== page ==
Sometimes getting that exact line of movement for the perfect cinematic shot just isn’t possible with only two fingers on the sticks; you need four. If you’ve flown anything larger than a phantom then you know how valuable it can be to have another trusted set of eyes on the sticks, even a third set as a spotter can prove invaluable at times. Without them, it can be just plane dangerous(Pardon the lame pun).
Aside from the obvious factors such as line-of-sight safety & focus/ camera movement capabilities, dual operating on a seriously choreographed drone production or live event can have some truly magic spontaneous moments. Disregard the sweat on your brow when navigating a carbon fiber lawn mower flying at 65mph through a racetrack full of spectators for that perfect slow-motion drifting shot of mustangs through tire smoke.
The butter aerial cinematography I am talking about comes with a few rounds of flight experience, some two way headsets, and a few years of experience as freelance shooters. Whenever we have those moments at full stick discovering the shot as it unfolds and altering it slightly with our camera movements or flight patterns, I sometimes find myself screaming out loud. Imagine two nerds on the side of the race track as motorheads are screaming and fresh rubber burns. However, they are staring off in the sky and at remote controls screaming their own anthem; Best view of em all.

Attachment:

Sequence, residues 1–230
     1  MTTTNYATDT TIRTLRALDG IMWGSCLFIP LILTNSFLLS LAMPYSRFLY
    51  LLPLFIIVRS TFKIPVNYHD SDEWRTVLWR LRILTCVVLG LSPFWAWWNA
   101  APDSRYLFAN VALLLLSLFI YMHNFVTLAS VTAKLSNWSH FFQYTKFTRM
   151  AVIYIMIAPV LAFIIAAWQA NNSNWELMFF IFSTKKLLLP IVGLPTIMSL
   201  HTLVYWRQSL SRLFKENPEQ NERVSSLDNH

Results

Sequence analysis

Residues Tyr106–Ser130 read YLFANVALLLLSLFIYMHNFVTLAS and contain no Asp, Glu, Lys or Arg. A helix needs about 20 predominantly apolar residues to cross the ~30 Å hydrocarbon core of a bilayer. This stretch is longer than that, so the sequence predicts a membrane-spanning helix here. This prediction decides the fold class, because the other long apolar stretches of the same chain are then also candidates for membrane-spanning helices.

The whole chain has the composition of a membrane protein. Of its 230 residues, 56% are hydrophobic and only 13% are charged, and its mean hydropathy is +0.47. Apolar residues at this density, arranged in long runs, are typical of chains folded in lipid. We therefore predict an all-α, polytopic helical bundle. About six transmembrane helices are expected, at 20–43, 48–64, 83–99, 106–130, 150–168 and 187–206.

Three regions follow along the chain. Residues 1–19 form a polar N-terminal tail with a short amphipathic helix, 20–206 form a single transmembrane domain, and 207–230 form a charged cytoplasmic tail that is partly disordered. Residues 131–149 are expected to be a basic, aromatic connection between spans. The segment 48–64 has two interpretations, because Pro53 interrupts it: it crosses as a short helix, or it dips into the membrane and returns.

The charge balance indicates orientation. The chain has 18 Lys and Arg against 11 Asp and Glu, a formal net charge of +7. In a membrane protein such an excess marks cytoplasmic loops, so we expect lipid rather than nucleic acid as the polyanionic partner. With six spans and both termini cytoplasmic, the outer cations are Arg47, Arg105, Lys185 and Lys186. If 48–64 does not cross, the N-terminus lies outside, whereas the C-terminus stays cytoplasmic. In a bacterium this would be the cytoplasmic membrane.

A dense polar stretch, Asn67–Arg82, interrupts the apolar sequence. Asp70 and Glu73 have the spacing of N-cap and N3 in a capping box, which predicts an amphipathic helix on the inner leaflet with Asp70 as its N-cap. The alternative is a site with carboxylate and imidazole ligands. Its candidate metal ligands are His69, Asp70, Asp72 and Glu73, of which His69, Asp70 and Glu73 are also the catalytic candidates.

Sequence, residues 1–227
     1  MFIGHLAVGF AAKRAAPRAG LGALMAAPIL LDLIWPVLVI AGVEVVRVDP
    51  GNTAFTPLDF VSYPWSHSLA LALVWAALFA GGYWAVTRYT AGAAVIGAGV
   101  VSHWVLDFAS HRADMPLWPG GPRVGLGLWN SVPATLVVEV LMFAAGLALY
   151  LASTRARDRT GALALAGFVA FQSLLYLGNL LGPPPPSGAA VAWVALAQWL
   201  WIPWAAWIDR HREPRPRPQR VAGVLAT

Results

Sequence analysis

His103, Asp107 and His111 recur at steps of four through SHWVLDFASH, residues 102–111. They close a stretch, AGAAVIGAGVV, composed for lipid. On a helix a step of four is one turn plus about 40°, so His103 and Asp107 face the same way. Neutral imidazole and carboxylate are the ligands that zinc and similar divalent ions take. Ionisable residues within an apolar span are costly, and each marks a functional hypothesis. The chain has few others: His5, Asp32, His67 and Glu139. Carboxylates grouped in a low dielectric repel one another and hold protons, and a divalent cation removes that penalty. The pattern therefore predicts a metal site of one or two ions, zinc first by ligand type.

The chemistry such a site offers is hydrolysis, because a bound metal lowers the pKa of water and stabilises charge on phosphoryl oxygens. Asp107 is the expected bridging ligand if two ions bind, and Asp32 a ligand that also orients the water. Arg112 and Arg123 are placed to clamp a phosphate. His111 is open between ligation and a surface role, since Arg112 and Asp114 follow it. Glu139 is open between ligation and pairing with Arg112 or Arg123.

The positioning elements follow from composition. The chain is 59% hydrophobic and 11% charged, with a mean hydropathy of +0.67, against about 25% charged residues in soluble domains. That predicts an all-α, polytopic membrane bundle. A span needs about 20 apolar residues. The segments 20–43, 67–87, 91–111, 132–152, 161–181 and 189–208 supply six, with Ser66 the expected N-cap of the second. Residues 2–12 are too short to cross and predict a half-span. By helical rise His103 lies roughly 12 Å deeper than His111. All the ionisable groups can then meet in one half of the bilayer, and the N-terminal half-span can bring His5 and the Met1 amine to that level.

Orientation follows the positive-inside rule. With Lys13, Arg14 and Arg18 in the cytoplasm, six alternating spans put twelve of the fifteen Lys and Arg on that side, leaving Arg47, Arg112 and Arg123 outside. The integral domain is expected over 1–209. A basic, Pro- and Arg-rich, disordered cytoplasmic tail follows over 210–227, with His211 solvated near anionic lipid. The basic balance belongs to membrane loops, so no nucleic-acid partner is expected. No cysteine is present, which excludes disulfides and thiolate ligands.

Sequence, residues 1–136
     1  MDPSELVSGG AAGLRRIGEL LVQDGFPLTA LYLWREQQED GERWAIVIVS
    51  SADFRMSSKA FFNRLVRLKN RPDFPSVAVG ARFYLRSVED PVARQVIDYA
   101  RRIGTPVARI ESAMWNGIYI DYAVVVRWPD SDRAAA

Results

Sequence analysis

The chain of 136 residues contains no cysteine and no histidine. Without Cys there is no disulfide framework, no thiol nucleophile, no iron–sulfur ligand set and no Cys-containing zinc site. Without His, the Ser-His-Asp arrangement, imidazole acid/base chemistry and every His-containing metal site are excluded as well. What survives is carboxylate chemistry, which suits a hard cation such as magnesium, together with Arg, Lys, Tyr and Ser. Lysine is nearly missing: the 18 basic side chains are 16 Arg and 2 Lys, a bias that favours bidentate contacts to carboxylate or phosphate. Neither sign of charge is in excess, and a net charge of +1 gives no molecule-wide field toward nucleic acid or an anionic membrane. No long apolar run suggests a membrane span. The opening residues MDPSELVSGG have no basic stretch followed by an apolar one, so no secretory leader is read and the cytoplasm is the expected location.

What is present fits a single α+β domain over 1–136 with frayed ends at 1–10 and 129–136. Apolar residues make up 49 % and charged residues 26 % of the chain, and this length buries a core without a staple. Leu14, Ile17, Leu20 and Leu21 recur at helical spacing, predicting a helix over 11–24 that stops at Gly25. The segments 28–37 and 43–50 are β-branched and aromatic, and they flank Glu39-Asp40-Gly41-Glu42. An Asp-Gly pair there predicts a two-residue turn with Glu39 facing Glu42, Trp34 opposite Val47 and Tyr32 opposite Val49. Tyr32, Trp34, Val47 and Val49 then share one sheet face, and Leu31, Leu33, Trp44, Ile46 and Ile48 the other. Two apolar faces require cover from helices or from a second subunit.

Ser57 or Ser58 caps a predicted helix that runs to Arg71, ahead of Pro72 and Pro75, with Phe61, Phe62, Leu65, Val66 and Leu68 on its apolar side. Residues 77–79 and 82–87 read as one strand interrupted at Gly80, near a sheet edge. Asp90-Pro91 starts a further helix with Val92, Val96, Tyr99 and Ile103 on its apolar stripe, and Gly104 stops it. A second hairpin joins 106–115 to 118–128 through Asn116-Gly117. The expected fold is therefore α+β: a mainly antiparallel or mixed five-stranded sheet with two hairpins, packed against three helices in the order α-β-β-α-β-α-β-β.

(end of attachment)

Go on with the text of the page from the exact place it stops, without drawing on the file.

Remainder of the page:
Whenever both the pilot and camera operator can discover the language that works best for them to talk shots through as they happen, especially on proper headsets, your efficiency as a team will easily double. Throw a monitor in the equation to keep the client away from the pilot, and have a larger screen to operate from and you are unstoppable. There are times where I find us stopping at a location on our annual drone road trip and flying two different focal lengths at every angle we can think of on something, and still not use a full set of batteries.